Starting college can feel like you’re learning a new language. Some terms you need to know:
A counselor or designated individual who has been formally trained to counsel students regarding academic choices. Your advisor’s advice will enable you to enroll in the courses that best support your academic goals.
Accreditation is the endorsement by a third party of an institution’s quality of education. A school’s accreditation determines its eligibility to receive federal (Title IV) and state financial aid. Proper accreditation is also important for the acceptance and transference of credits between schools.
For more information, see www.back2college.com/library/accreditfaq.htm.
An agreement between two or more schools that allows course credit(s) from one school to be transferred and accepted, so you can apply them toward a degree or certificate from another school.
Arts and Sciences
A group of academic studies that may include fine arts, languages, social sciences, natural sciences and humanities.
The Office of the Bursar bills and collects tuition, fees, campus housing and other university related charges.
Cooperative Education (Co-op Education)
A structured method of combining classroom-based education with practical work experience. It enables a student to combine employment in a related career field and coursework to earn credits.
Core Transfer Library (CTL)
A list of courses approved by all Indiana public and six private institutions that transfer among all public (and some private)colleges and universities, assuming adequate grades.
Dual credit courses are courses that are taken by high school students that satisfy requirements for earning both high school and postsecondary credits. Dual credit courses are taught by regular high school faculty or by regular or adjunct postsecondary professors. The term “concurrent enrollment” is also used to describe dual credit.
The branches of learning concerned with human thought and relations, especially literature, philosophy, fine arts and history.
Independent Colleges of Indiana (ICI)
A non-profit association which represents Indiana’s 30 private, non-profit, regionally-accredited colleges and universities.
You can earn class credit by working pre-approved jobs on or off campus. These jobs will provide practical experience in your major.
A school or course of study which focuses on developing your general knowledge and reasoning ability instead of a specific discipline. Liberal Arts degrees are often considered to provide a well-rounded, general education in the arts and sciences.
An area of interest in which you can earn a degree.
A secondary area of interest you can study in addition to your declared major. Minors are typically disciplines in a different department from your major and require fewer classes than a major.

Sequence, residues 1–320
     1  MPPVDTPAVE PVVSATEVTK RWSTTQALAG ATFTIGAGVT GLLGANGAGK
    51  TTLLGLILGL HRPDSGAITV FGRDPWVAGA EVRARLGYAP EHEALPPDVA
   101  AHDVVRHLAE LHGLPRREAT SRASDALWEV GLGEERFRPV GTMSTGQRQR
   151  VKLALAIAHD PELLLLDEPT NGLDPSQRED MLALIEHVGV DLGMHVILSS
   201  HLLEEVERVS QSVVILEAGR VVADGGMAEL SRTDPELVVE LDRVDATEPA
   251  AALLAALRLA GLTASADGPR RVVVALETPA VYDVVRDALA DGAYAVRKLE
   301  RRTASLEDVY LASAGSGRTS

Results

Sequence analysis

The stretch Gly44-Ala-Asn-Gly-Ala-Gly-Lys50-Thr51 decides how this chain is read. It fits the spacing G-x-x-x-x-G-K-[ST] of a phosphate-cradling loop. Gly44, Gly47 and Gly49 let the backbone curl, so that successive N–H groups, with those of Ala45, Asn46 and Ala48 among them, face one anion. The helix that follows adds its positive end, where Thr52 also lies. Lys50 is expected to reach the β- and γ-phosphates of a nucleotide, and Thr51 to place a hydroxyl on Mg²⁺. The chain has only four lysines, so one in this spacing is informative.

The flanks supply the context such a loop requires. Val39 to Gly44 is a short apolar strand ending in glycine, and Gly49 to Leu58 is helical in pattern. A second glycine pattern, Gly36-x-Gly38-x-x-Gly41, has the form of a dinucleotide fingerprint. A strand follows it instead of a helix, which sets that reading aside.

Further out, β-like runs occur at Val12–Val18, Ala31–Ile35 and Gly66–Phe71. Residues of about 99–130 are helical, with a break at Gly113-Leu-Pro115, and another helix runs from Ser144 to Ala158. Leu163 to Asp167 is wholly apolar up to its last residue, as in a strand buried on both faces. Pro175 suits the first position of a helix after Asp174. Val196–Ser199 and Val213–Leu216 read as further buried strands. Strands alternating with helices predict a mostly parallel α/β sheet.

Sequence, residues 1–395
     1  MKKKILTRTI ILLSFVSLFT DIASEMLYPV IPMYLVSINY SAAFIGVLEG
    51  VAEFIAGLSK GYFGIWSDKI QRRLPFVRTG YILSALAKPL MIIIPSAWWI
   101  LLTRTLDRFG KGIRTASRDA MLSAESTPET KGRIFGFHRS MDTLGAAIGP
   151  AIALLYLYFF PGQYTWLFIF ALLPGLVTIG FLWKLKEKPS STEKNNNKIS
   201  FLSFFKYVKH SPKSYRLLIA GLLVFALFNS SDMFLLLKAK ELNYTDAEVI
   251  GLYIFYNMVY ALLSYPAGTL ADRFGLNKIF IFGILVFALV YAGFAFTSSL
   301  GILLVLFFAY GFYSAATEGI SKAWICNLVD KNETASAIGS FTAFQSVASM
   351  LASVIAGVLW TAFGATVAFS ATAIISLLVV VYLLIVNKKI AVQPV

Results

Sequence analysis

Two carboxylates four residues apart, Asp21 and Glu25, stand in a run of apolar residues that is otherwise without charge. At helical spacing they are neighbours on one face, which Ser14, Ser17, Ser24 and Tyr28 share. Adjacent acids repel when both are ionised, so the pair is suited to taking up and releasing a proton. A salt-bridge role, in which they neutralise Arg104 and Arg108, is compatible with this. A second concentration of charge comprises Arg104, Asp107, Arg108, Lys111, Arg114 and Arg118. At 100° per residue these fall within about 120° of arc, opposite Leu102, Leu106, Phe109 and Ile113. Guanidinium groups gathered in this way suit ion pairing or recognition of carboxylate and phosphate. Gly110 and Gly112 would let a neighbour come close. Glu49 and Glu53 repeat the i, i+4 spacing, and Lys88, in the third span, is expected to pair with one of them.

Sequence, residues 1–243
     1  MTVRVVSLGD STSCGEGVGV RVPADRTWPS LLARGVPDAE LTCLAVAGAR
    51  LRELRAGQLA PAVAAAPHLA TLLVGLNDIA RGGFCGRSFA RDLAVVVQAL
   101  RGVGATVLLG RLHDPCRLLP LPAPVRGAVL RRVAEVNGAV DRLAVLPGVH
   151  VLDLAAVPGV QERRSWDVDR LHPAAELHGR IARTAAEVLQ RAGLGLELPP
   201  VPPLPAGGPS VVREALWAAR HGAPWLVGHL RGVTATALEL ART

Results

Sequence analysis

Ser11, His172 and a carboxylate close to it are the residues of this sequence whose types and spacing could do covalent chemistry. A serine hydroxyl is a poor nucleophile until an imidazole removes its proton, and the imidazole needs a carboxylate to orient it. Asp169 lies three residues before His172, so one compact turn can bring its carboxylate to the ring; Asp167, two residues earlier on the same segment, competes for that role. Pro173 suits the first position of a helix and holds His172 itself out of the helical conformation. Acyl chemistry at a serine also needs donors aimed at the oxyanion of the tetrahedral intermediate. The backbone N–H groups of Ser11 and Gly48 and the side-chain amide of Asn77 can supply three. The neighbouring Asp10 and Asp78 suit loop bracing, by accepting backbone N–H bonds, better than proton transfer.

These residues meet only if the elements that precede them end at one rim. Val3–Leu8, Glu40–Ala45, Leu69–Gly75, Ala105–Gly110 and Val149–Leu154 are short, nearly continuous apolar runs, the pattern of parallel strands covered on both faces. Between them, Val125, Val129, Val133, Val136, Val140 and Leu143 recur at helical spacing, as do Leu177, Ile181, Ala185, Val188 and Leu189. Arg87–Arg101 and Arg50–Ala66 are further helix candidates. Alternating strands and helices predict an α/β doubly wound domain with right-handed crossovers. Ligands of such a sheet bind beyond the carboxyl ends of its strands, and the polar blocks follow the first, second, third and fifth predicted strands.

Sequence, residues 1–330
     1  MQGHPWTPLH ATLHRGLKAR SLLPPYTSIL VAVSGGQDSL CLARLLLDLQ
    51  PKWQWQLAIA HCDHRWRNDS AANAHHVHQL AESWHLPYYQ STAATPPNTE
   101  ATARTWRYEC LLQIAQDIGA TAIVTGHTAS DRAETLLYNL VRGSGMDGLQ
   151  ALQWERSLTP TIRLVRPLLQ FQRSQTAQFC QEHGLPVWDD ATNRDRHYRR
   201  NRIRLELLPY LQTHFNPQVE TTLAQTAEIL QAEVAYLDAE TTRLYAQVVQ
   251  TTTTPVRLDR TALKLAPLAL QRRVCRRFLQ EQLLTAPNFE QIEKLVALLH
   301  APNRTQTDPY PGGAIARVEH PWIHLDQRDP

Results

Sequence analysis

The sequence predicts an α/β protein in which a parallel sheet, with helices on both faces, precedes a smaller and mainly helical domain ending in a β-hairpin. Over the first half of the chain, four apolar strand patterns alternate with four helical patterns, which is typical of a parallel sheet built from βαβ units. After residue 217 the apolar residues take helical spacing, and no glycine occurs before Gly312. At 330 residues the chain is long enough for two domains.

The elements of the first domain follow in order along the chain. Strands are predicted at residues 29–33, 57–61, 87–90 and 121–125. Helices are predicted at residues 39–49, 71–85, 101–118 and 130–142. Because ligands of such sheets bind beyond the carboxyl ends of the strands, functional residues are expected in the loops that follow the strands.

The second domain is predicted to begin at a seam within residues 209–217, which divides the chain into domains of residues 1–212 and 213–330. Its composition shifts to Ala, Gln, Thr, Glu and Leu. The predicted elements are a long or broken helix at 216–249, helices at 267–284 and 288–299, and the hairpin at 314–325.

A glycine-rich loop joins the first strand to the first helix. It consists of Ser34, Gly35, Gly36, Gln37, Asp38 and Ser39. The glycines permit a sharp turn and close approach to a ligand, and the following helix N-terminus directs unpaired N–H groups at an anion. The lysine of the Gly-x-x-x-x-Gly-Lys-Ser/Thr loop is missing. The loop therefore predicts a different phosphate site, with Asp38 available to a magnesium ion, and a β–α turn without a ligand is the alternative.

A beginning class that prepares you for a more difficult class.
A warning that you are not in good academic standing. Probation may be accompanied by restricting credit hour enrollment.
Colleges or universities that are run as profit-making institutions. These schools provide practical training in specific fields.
The Office of the Registrar is responsible for keeping track of student records.
A course that teaches basic math, writing, and reading skills, etc. that are needed to succeed in college. Many students learn these skills in high school.
Resident Advisor or Assistant (RA)
An upper-level, trained student leader who supervises a specific residence hall or section of a residence hall; RAs are trained to counsel students, answer questions and offer advice about college.
Schools with a rolling admission practice accept applications throughout the year. They may or may not admit you as soon as they receive the required application materials.
Satisfactory Academic Progress (SAP)
Every college or university has a Satisfactory Academic Progress (SAP) requirement, which usually means maintaining a certain GPA.
Combines community service with classroom instruction, focusing on critical thinking, value clarification and social responsibility. Service learning provides you with relevant experience and a meaningful contribution to the community.
Teaching Assistant (TA)
An upper-level or graduate student who assists an instructor with a course; TAs often help teach the course, lead discussion sections and grade papers.
Transfer Single Articulation Pathway (TSAP)
TSAP degree programs were established to help you achieve a bachelor’s degree in the most time- and cost-efficient manner. These pathways enable you to apply an associate degree earned at Ivy Tech Community College or Vincennes University toward a corresponding bachelor’s degree program at a four-year public university.